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Re: <nettime> floss enforcement/compliance
Benjamin Geer on Sun, 29 Feb 2004 14:28:31 +0100 (CET)


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Re: <nettime> floss enforcement/compliance


ed phillips wrote:
> If you are the
> government of Extremadura and you need to release an application to
> all your far flung Linux servers that
> does foo and stores bar in a MySQL database, you are free to
> distribute this on all your computers without formally having to
> inflict the ugly, just good enough to get the job done hack on the
> rest of us. Nor do you have to pay MySQL 450 or whatever dollars per
> install of the application.

Easy solution: release the source code with a big notice on it: 'This 
code is crap; we're just releasing it to comply with the GPL.' :)  If 
they're not comfortable admitting that their code is crap, perhaps the 
GPL will act as an incentive to write better code in the first place.

I once heard a talk given by the guy who started the IBM project to run 
Linux on IBM's mainframes (thereby convincing IBM to start investing in 
Linux).  He said that once his developers started to write free 
software, an interesting thing happened: they would sometimes say that 
the code couldn't be released yet because they 'weren't proud of it 
yet'.  He asked his audience (of developers and managers at a commercial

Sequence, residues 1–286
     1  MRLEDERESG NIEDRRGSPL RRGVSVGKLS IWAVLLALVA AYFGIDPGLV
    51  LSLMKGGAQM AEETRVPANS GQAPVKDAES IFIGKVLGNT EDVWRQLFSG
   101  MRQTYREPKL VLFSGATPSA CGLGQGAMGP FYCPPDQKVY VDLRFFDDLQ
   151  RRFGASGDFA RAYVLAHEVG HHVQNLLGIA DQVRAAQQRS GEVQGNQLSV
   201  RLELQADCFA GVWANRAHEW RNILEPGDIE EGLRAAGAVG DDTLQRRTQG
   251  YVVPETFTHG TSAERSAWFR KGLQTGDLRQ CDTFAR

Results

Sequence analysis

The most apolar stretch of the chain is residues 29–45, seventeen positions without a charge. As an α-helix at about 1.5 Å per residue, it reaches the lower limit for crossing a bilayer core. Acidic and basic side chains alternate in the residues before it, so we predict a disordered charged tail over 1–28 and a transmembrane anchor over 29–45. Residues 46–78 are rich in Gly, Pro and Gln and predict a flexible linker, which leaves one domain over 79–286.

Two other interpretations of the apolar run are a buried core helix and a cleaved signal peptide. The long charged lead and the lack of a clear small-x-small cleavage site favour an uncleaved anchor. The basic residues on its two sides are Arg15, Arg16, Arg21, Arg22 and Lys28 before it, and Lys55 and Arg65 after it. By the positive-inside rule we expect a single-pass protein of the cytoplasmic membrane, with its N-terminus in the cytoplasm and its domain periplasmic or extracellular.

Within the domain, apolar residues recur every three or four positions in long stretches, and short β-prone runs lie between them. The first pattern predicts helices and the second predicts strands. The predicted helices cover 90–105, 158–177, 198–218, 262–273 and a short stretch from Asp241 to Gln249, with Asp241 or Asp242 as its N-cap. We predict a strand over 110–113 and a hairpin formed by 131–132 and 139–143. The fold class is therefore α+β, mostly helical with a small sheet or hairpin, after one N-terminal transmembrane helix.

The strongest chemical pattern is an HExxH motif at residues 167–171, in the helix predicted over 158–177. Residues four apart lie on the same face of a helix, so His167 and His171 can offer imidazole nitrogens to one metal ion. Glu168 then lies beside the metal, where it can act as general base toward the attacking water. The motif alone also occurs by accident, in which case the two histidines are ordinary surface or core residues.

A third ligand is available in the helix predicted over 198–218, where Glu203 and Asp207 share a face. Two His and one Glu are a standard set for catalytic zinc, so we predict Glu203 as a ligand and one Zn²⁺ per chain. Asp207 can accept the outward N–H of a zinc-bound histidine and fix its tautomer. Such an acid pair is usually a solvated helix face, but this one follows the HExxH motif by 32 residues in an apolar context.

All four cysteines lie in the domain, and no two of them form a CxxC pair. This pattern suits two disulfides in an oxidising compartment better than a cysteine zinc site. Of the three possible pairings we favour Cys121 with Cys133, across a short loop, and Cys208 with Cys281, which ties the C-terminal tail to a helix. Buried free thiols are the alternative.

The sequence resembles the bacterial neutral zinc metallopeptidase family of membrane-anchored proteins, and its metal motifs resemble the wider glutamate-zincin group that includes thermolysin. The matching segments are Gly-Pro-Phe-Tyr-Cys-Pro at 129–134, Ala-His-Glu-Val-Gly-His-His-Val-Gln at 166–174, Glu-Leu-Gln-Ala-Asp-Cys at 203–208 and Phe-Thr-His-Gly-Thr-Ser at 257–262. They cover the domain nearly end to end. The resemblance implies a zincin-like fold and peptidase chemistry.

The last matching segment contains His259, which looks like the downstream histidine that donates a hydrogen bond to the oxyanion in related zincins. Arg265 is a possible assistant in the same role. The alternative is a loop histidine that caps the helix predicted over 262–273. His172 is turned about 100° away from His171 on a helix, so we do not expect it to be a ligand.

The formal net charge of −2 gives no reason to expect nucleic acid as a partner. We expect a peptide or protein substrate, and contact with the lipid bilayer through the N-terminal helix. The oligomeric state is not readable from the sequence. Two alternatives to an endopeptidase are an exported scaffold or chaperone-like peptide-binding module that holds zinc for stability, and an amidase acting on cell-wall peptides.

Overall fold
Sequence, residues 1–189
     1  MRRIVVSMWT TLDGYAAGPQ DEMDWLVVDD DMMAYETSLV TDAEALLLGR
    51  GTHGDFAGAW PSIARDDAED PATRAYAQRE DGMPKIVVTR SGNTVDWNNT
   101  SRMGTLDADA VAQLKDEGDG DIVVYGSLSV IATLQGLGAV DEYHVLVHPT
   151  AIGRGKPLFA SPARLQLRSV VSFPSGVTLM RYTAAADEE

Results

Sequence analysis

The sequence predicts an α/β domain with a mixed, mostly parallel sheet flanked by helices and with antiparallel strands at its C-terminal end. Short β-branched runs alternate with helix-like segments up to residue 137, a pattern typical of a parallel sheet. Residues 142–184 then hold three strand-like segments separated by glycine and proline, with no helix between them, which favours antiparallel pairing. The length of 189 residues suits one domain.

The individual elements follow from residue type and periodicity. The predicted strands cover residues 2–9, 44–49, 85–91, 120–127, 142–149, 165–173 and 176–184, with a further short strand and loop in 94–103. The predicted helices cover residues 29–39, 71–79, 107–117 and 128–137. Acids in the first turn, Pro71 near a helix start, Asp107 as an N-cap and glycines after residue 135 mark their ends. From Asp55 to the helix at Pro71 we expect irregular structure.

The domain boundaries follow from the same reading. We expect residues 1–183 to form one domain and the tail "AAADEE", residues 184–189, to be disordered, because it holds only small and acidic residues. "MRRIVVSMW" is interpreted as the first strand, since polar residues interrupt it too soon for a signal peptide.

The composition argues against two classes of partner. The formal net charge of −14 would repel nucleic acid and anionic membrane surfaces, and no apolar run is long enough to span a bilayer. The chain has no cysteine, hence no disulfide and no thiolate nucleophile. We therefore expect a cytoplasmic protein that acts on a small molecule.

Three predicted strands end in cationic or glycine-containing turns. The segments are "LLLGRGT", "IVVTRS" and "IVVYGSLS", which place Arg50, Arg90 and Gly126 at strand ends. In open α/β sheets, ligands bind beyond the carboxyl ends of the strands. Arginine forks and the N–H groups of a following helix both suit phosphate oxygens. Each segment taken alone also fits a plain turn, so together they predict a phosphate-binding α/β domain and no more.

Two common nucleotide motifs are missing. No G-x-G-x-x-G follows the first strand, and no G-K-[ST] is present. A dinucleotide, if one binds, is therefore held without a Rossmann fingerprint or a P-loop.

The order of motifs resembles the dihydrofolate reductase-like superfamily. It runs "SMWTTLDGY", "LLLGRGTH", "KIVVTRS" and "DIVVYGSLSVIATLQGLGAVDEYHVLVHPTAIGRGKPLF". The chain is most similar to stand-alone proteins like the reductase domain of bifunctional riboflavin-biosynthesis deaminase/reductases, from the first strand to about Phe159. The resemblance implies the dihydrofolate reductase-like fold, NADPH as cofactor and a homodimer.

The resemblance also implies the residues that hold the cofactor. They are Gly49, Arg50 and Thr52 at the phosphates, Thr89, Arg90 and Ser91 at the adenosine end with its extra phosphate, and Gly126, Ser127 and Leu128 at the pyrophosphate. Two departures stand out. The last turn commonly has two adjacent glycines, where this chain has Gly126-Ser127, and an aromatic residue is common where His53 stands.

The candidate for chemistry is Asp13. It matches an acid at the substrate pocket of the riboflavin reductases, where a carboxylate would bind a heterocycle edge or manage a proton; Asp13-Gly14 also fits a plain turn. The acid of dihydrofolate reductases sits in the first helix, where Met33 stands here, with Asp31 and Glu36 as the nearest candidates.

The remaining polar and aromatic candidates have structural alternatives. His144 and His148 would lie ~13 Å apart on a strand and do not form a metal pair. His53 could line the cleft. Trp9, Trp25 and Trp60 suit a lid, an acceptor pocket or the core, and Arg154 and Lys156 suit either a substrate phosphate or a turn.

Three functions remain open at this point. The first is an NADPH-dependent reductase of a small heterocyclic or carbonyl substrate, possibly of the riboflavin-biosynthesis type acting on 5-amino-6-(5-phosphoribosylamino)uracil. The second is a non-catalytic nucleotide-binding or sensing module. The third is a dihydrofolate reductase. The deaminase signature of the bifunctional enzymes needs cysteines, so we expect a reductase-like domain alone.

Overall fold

software vendor), 'Have you ever heard a developer say that they 
couldn't release code because they weren't proud of it yet?'  The 
audience burst out laughing.

Of course, the knowledge that other people will read what you've written 
is no guarantee that you'll write something good, because you might not 
know enough to do so.  But if, thanks to the GPL, good code is published 
so you can study it, you have a better chance of learning how to write 
good code.

And maybe you're worrying too much about the effect of bad examples. 
Consider the world of books.  Go into any library or bookshop and you'll 
find huge amounts of laughably mediocre novels and political treatises 
full of absurd arguments.  Yet somehow, good writers still manage to 
write good books, and organisations that care about quality still manage 
to produce good research.

Suppose there was a law requiring all software to go through a peer 
review process before it could be published.  Bad code wouldn't vanish; 
it would just go underground.  Perhaps it's better to have it out in the 
open where it can be critiqued.  Maybe the government of Extremadura got 
swindled by some contractor; maybe they had no idea their code was crap. 
  If they released it, the community could tell them how bad it was, and 
then it could be improved (perhaps with the help of the community).

Ben

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